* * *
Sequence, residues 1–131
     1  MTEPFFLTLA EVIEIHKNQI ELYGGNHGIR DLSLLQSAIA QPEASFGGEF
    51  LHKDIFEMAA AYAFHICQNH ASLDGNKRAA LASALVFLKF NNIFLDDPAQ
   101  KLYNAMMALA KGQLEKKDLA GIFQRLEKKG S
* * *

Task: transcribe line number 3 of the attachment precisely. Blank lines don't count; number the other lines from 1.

    51  LHKDIFEMAA AYAFHICQNH ASLDGNKRAA LASALVFLKF NNIFLDDPAQ